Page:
Terror War Demonstrates Need to Update Doctrine
Terror War Demonstrates Need to Update
By Donna Miles, American Forces
Washington D.C. -- (AFPS)
April 20, 2004 -- Current military doctrine needs an overhaul to better address
the challenges confronting U.S. forces in Afghanistan and Iraq, the commander of
the 18th Airborne Corps told the American Forces Press Service last week at the
corps headquarters at Fort Bragg, N.C.
Lt. Gen. John R. Vines accepts the 18th Airborne Corps and
Fort Bragg colors from Gen. Larry R. Ellis, commander of U.S. Forces Command, at
his change of command ceremony at Fort Bragg, N.C., Aug. 26, 2003. Vines said
current military doctrine was not written with operations such as Afghanistan in
Photo by K.
Army Lt. Gen. John R. Vines, commander of the Defense Department's largest
warfighting organization, said current doctrine falls short in addressing the
circumstances in which U.S. troops operate in Southwest Asia.
"We are so far beyond where the doctrine is in terms of how we operate that
the doctrine can only be a broad guide," Vines said. "Doctrine was not designed
with Afghanistan in mind. So consequently, what was written at (the Army's
Training and Doctrine Command at) Fort Monroe or the Special Warfare Center (at
Fort Bragg) or some other place didn't envision the complexity of what we are
This complex, non-linear battlefield has little resemblance to the Cold War
model on which much of today's doctrine is based. Vines said it frequently
provides no clear-cut distinctions between phases of warfare under way or the
types of troops conducting operations. Also, U.S. military forces interact
regularly with a wide range of noncombatants, including various U.S. government
elements, nongovernmental organization representatives and groups representing
the host country's central government.
"Our doctrine does not adequately address the control of this," said Vines,
who commanded Coalition Joint Task Force 82 and Combined Joint Task Force 180 in
Afghanistan from September 2002 to October 2003.
Vines said doctrine assumes what he calls "the old paradigm" that warfare is
conducted one phase at a time — with stability operations that include building
schools and digging wells kicking off only after combat operations have ceased.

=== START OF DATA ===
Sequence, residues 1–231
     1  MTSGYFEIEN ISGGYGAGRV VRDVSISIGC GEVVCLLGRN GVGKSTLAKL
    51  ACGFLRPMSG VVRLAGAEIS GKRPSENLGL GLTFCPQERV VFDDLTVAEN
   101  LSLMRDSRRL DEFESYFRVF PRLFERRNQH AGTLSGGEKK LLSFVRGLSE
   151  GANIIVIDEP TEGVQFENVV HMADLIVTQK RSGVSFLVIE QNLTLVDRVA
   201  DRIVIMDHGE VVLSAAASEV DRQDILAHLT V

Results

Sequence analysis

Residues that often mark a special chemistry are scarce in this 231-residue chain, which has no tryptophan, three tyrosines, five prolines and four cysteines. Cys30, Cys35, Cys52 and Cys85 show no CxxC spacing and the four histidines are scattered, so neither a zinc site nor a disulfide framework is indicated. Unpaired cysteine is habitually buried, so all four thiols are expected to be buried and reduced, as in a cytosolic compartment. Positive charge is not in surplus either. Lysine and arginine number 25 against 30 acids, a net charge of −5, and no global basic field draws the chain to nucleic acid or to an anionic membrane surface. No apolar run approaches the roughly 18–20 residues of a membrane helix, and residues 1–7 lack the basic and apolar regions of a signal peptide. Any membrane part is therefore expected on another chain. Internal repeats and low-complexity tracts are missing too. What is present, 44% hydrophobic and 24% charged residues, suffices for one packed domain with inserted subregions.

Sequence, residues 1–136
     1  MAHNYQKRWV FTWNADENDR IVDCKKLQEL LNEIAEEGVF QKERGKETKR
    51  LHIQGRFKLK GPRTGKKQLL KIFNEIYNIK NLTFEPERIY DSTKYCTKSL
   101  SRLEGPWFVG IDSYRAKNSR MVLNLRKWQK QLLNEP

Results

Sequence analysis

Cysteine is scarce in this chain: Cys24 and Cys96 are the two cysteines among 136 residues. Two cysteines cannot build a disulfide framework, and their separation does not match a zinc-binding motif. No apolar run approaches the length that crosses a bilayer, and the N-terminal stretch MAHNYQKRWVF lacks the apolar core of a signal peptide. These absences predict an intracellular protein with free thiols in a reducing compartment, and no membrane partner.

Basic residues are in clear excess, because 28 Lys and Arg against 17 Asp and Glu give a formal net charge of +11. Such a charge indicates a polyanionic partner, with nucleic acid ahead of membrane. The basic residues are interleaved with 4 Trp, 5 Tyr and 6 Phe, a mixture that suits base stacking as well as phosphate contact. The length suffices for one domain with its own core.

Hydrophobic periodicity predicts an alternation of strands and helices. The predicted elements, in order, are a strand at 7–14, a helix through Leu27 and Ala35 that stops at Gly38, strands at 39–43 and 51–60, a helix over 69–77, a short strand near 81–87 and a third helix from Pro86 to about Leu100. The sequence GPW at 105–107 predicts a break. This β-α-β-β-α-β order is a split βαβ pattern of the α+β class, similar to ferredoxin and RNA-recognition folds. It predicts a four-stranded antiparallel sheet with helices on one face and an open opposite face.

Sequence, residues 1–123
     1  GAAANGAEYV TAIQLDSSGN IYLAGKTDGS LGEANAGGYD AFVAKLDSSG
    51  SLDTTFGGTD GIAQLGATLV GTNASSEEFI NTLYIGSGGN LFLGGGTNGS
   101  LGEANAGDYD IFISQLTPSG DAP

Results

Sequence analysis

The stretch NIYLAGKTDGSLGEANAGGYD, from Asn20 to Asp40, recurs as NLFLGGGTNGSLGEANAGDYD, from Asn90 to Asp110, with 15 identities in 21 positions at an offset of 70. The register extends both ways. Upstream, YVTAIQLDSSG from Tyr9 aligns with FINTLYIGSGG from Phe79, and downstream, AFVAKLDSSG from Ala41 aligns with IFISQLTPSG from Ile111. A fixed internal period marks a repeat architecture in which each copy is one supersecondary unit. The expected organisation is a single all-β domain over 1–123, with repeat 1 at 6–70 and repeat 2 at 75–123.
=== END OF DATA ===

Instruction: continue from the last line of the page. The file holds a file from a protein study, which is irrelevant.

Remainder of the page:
"The reality is that in a single piece of battle space, we might have three or
four phases going on simultaneously," he said.
Military doctrine also fails to address adequately the heavy use of different
special operations forces or the integral association between conventional and
special operations forces on the ground, he said. Over the years, an "artificial
barrier" developed between the two forces, Vines said, but that in reality, they
work side by side, complementing each other's capabilities.
He said this mix of conventional and special operations forces as well as
militia have proven to be "extraordinarily effective" in Afghanistan.
Vines said doctrine needs to address another battlefield complexity better
than it does: the presence of a wide range of parties, most of them
noncombatants. These include not just local civilians, but also representatives
of nongovernmental organizations and interagency teams that are part of the U.S.
government. In Afghanistan, Vines said, coalition forces also work with the
Afghan National Army as well as militia members who received favored status by
the Afghan government because they supported President Hamid Kharzai in fighting
"So occasionally, figuring out who you are dealing with becomes the
challenge," said Vines. "You have to determine, does this militia have the
support and authorization of the government? It isn't always easy to do."
Vines said he expects the way operations are being carried out in Afghanistan
and Iraq to have a big influence on future operations. Ultimately, they too,
could be incorporated into future doctrine. These include a wide mix of aviation
units flying in the same battle space, the integration of Reserve and National
Guard units into missions, and the use of special operations forces to do things
he said "I'm not even sure their founders 60 years ago could have visualized."
One shortcoming Vines said needs to be addressed better is information
operations — the ability of U.S. forces to use information to win the hearts and
minds of the local population.
"If their only information comes from a mullah who is preaching hate against
Westerners, Christians, Americans, the coalition, and that is their only source
of information, then they will accept it at face value," Vines said. "So we have
to put the facts out in a way that they say, 'Listen, the neighboring village
was rebuilt, there has never been a road here before, and now there's a road.'
Then they see the value of working together to rebuild their country."
Vines said mastering information operations will go a long way toward
influencing people "to lay down their weapons and quit fighting and rebuild
their country." But for now, he said, "We don't do that nearly as well as we